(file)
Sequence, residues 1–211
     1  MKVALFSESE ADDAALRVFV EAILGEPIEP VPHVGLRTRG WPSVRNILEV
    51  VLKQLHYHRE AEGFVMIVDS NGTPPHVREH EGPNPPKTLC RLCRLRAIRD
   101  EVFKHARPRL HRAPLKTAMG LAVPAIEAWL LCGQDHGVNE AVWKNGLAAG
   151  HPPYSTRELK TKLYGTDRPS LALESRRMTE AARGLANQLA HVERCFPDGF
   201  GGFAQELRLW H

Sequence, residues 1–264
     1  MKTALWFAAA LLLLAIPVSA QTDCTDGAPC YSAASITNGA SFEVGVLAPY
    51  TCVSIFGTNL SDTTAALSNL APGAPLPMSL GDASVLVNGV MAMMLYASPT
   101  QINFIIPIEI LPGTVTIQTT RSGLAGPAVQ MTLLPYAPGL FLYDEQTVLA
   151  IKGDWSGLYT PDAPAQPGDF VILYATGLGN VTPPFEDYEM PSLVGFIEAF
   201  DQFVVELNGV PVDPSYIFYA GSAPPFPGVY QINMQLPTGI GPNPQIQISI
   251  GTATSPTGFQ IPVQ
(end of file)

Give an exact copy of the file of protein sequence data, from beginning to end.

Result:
Sequence, residues 1–211
     1  MKVALFSESE ADDAALRVFV EAILGEPIEP VPHVGLRTRG WPSVRNILEV
    51  VLKQLHYHRE AEGFVMIVDS NGTPPHVREH EGPNPPKTLC RLCRLRAIRD
   101  EVFKHARPRL HRAPLKTAMG LAVPAIEAWL LCGQDHGVNE AVWKNGLAAG
   151  HPPYSTRELK TKLYGTDRPS LALESRRMTE AARGLANQLA HVERCFPDGF
   201  GGFAQELRLW H

Sequence, residues 1–264
     1  MKTALWFAAA LLLLAIPVSA QTDCTDGAPC YSAASITNGA SFEVGVLAPY
    51  TCVSIFGTNL SDTTAALSNL APGAPLPMSL GDASVLVNGV MAMMLYASPT
   101  QINFIIPIEI LPGTVTIQTT RSGLAGPAVQ MTLLPYAPGL FLYDEQTVLA
   151  IKGDWSGLYT PDAPAQPGDF VILYATGLGN VTPPFEDYEM PSLVGFIEAF
   201  DQFVVELNGV PVDPSYIFYA GSAPPFPGVY QINMQLPTGI GPNPQIQISI
   251  GTATSPTGFQ IPVQ